Carolina Meurkens (Editor-in-Chief)
TV Show: Insecure Created by Issa Rae and Larry Wilmore – Season 4
Where to Watch: HBO/HBO Max
I’ve been a fan of Issa Rae’s Insecure since it debuted in 2016. One of the joys of early quarantine was binging Season 4, which I felt was perhaps the best season yet. If you’ve been following Issa and Molly’s journey, you’ve seen both women take two steps forward and sometimes three steps back when it comes to the evolution of their toxic habits of self-sabotage. Issues within Issa and Molly’s friendship and their own personal lives came to a head in Season 4. Both women found themselves distanced from each other as they navigated career moves, new relationships, as well as a shift from the precedent of being in agreement with each other’s life choices. As a mid 20 something, I related to the difficulties Molly and Issa faced as they questioned if their friendship was one worth saving or if they were going down different paths for good. Another aspect of the season that I loved was also Tiffany’s storyline, as she navigated new motherhood and Postpartum depression. It was refreshing to see light shed on the struggles that Tiffany faced, who for so much of the show has been portrayed as a perfect, put together married Black woman. It’s clear that none of these characters are perfect, no matter how it looks to an outsider, which is what makes this show so loved by its viewers who yearn to see themselves in TV characters.
Citrine Ghraowi (Politics Editor)
TV Show: High Fidelity Created by Sarah Kucserka and Veronica West
Where to Watch: Hulu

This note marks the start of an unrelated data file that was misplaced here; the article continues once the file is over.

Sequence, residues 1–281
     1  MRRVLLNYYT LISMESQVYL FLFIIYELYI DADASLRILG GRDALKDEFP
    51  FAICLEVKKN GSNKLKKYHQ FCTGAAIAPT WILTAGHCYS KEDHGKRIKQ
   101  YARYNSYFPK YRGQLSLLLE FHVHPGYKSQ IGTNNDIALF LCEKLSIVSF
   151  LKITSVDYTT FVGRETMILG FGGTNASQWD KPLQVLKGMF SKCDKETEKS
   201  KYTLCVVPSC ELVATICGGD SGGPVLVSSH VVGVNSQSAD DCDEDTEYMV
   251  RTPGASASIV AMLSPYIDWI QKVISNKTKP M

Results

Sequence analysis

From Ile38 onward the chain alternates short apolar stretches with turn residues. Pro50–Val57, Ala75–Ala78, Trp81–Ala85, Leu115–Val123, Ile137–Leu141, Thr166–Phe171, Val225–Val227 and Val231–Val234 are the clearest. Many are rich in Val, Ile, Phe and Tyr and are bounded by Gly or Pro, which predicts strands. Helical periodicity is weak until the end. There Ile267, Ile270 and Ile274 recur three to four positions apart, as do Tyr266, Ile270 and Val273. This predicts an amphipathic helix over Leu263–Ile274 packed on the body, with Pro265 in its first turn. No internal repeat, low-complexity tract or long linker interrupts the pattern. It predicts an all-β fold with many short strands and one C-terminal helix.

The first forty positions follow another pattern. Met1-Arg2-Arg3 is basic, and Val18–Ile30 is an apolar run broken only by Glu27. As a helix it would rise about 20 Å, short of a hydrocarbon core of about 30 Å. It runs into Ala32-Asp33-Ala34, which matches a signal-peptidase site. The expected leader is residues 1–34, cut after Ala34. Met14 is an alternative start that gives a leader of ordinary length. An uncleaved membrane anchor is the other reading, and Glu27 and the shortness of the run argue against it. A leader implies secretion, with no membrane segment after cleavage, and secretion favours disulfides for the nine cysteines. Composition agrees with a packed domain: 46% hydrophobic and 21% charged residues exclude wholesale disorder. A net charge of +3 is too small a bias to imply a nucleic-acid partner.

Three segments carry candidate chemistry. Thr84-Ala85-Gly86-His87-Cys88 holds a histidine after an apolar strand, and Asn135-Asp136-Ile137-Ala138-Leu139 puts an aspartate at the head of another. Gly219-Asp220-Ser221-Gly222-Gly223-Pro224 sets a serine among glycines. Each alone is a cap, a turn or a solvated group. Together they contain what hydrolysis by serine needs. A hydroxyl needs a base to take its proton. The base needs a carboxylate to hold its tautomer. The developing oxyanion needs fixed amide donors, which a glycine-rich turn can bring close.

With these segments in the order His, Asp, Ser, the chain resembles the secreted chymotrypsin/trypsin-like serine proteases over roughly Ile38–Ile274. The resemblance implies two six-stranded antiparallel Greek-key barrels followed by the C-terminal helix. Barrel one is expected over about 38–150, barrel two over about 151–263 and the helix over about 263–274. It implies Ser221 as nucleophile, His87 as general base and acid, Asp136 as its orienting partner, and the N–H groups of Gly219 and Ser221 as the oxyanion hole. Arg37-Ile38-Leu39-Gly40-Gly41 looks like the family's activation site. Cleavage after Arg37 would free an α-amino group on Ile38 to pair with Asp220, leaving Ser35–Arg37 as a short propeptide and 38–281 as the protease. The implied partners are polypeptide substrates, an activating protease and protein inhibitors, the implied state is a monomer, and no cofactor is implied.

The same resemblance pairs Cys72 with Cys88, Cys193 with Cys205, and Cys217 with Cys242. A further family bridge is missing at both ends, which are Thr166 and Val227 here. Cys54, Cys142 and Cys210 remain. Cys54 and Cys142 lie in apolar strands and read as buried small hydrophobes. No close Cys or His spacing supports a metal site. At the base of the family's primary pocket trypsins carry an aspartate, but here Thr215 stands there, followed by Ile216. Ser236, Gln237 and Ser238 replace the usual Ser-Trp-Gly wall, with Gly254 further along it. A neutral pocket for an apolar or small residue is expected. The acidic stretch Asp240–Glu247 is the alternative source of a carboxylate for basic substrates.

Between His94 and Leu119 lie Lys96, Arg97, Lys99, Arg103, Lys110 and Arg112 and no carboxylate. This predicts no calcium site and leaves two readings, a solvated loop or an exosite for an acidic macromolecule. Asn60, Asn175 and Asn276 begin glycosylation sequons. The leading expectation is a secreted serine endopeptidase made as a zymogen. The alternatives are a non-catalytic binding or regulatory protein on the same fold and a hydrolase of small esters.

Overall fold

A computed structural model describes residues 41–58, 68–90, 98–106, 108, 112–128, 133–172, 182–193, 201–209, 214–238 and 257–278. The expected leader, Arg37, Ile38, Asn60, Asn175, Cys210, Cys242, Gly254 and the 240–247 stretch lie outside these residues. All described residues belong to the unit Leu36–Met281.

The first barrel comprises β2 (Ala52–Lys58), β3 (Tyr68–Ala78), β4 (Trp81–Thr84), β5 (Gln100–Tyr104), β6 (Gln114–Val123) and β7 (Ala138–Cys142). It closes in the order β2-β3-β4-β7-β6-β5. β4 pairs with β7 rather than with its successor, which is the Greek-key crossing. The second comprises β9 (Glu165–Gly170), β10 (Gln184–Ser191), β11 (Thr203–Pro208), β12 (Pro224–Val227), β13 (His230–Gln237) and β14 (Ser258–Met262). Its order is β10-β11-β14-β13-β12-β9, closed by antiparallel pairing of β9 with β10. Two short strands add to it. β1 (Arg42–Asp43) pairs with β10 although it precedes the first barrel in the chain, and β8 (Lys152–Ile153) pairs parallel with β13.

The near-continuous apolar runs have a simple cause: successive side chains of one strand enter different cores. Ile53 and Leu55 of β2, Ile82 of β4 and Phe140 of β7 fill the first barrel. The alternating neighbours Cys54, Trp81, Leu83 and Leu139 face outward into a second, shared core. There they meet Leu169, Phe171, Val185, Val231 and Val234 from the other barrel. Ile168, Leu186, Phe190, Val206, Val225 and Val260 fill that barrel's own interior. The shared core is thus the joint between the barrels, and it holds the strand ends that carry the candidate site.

2020 was a shit year, but one of the few good things that came with it is High Fidelity. Being a huge fan of the movie that came out in 2000, I was feeling everything but disappointed. The show is a perfect mixture of art that can make you laugh, cry and relate to the main character’s “shitty yet somehow I’m jealous” lifestyle. The fact that Zoë Kravitz is in the remake of a film her mother was a part of makes it all the more better to watch and appreciate as you relate to all the everyday messes she somehow gets herself in. I’ve watched this show two times through and could do it a third if you asked me to. You don’t even have to ask me to really, I’ll probably do it in the next month or so.
Tayo Omisore (Poetry Editor)
Movie: Canvas Dir. Frank E. Abney
Where to Watch: Netflix
I blame my love for short stories on my ADHD. I blame my love of animated shorts on how fucking good they are. I think as a musician I’m in love with the marriage between music and movement that animated shorts lean onto, the synergy of the audio and visual. Canvas is a netflix original by Frank E. Abney III about a Black painter and overcoming his creative block, with some help from his granddaughter and an amazing musical score. That’s all I will tell you. And to grab a tissue.
Stephanie Eyocko (Food Editor)
TV Show: She’s Gotta Have it written, produced, edited and directed by Spike Lee
Where to Watch: Netflix
The opening. The hair. Brooklyn. The imagery. Nola Darling takes you through a journey of self-discovery, reminds us of the importance of having a space of your own, and drops beautiful jems–the music kind.
Brooklyn, I have never lived in you but I love you. Oh shoot, did I mention that the protagonist is a beautiful darker-skinned woman? An anomaly in the industry. The men in “She’s Gotta Have It Are” are beautiful, sensual, and seemingly comfortable in their bodies—and she makes love to them, rightfully so. The show is not without its shares of comedic reliefs but what draws me is the sensuality, the chemistry (especially within platonic relationships), and sometimes sadness (she weeps, like most of us). Give it a whirl, “She’s Gotta Have It” may present you with some cultural wisdom, like it did for me.
Warning: For some, it can be a bit raunchy.